- CC.NET has an option to disable “exception notifications.” It turns out that when you turn this off, you disable the whole block of code that runs after a failed build, and this is where the label was being removed. When the label isn’t removed, the next build typically fails when it attempts to apply what is now a duplicate label (unless you’re incrementing build numbers on failed builds). And it was possible to accidentally remove a label that somebody else had applied. There were an awful lot of possibilities and code-paths to consider here for this to be particularly robust.
- Get By Label is the slowest way to do a “get” with Vault. We’ve identified a number of ways to make it faster that will probably ship with Vault 4.0, but we wanted to avoid using this get for continuous integration if at all possible.
One of the things Vault does that’s not readily apparent from the SourceSafe-like GUI is track versions of folders. So we can track when you move a file from one version-controlled folder to another, for example. And you can say, “show me version 4 of this folder and everything in it, recursively.” Taking advantage of that, we can pretty easily simplify and speed things up:
- Poll for changes via the folder history command. This is a much less expensive operation on the server: it just returns a list of folder versions, meaning one record for every transaction that affected anything under this folder. Even better, I could essentially tell Vault, “give me any new folder versions after 47, which was the latest when I did the last build.”
- Get by folder version. If Vault indicated that the latest version of this folder is now 48, I can order up that particular version of the folder and all the source therein.
- If the build succeeds, label by version. If 15 transactions were committed while the build ran, that’s okay. The label will be applied to version 48 of the folder, which is what we built with. There’s now a label that positively identifies the code making up this build.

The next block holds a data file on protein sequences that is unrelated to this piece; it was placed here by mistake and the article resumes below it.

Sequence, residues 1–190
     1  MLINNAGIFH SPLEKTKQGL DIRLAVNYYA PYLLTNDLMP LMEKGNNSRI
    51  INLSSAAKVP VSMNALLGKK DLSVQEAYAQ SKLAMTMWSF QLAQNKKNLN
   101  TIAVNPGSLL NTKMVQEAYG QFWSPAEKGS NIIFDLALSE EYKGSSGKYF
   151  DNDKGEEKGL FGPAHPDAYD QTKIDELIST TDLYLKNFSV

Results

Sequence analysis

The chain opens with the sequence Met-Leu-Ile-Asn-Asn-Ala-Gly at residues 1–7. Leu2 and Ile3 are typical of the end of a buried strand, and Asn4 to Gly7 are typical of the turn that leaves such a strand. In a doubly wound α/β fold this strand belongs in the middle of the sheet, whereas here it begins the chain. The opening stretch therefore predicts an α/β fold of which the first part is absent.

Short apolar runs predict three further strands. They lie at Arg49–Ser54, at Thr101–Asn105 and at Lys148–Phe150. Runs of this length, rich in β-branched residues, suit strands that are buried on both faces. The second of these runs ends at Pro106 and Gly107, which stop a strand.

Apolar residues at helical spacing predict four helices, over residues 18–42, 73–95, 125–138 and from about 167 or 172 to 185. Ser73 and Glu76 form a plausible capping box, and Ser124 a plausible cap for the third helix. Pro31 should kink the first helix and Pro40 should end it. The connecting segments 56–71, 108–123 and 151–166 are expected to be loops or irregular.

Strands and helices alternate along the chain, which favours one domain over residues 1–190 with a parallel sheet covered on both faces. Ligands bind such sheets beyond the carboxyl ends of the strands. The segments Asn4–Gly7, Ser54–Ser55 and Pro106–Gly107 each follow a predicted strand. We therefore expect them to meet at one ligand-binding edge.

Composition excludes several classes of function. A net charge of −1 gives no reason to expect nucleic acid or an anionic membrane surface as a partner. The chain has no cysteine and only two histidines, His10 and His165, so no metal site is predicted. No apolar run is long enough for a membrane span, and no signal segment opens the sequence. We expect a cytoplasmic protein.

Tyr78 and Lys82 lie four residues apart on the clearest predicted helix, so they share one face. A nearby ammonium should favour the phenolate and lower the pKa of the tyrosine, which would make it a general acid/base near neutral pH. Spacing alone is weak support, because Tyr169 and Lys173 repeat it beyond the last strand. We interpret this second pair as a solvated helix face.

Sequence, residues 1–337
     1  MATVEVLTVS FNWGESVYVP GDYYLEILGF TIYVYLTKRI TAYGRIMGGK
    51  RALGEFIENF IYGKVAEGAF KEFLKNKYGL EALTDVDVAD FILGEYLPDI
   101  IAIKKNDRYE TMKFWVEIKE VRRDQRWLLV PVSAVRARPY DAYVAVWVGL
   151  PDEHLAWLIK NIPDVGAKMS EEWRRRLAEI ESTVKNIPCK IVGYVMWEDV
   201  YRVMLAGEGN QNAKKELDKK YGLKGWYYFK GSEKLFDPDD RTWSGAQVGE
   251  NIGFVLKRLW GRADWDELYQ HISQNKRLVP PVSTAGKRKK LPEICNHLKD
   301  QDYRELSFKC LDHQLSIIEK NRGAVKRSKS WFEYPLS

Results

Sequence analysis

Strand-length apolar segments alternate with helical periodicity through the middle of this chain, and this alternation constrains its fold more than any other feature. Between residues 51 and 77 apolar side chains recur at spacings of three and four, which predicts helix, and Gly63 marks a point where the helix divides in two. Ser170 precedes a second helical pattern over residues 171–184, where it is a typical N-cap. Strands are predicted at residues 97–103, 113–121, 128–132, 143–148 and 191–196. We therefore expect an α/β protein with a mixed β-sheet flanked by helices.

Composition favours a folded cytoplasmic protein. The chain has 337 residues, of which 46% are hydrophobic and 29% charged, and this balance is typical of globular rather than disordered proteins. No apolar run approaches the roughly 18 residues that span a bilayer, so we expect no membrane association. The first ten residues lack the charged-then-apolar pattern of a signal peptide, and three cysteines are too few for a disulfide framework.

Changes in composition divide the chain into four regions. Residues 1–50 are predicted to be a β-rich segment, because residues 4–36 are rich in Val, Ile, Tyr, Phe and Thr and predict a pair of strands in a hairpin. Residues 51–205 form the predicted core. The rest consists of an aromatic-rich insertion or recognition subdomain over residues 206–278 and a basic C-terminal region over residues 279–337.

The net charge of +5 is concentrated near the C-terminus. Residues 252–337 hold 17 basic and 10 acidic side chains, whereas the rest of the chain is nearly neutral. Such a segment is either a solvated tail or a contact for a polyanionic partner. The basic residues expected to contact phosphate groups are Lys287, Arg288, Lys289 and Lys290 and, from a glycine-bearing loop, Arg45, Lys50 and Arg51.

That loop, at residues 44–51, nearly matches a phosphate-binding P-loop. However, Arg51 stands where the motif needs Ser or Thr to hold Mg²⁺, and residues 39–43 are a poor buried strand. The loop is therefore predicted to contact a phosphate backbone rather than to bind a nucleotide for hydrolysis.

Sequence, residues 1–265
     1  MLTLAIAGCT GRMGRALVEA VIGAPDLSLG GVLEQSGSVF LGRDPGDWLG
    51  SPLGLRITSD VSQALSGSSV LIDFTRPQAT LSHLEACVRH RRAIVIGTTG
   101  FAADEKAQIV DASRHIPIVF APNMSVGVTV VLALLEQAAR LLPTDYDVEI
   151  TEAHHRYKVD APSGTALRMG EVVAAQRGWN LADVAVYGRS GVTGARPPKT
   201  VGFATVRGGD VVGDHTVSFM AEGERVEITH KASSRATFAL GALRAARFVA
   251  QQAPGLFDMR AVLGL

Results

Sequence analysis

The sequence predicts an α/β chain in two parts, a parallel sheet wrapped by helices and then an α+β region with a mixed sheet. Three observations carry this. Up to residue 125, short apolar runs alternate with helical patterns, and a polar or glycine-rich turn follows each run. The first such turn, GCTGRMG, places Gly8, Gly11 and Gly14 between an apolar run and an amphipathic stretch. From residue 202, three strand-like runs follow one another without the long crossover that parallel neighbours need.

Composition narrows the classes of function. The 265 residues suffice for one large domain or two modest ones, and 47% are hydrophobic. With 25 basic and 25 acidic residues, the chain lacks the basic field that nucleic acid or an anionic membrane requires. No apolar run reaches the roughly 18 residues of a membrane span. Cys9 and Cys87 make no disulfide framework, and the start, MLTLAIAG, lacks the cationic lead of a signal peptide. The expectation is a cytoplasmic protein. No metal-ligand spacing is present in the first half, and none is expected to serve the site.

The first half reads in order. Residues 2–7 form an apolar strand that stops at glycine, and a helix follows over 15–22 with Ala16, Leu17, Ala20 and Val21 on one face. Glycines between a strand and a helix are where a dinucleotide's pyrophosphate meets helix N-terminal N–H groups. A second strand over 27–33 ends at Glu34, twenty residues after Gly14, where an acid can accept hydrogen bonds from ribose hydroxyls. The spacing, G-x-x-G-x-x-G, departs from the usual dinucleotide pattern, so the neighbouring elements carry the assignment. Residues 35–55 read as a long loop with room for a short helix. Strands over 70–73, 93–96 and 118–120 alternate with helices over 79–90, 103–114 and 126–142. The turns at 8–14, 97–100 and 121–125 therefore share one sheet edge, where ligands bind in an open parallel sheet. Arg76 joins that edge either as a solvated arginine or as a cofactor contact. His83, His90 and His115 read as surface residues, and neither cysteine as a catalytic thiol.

Perfect. Just one minor problem: Vault’s command-line client didn’t support most of it. A plug-in with access to the full API could do this no problem, but we’d already decided not to do that. So I had some changes to include in the next release of Vault. And I had to figure out how to smoothly support both the new way and the old way, and the old way still had to basically work. I had to dive into the many possible code-paths and fix the bugs in the old way, as best as possible, and add version checking code to use the new way when possible. I wrote what seemed like 100 unit tests to ensure all the permutations of options worked. (In reality it was closer to 40 unit tests. And despite my attempt to enumerate all the possibilities, I initially missed at least one.)
It was right around this time that Thoughtworks released CC.NET 1.0 Final, without any of my work. Doh! Not that I blame them: they’ve got well over a dozen source control systems to support, and the 1.0 release had been years in the making. And thanks to continuous integration there would be a tested build including my stuff as soon as I could get it submitted.
Intermittent change-polling failures
I listed this as number 2 because I tackled it second, but it was actually the biggest complaint. You had to be pretty savvy to hunt down the root of the error, so people were never sure if it was an intermittent network problem, CC.NET, or Vault. The good detectives seemed to be fingering Vault, and some priliminary testing confirmed that something was amiss in Vault-land. I was fresh off several months of server performance testing and tuning, so setting up an environment simulating a very busy Vault server took only a few minutes. Adding 20 or so CC.NET projects took a few minutes more. With this kind of simulated load on the Vault server, it took less than 5 minutes to start seeing the problems people were reporting. There were a handful of deadlocks occurring in Vault’s MS SQL Server databse.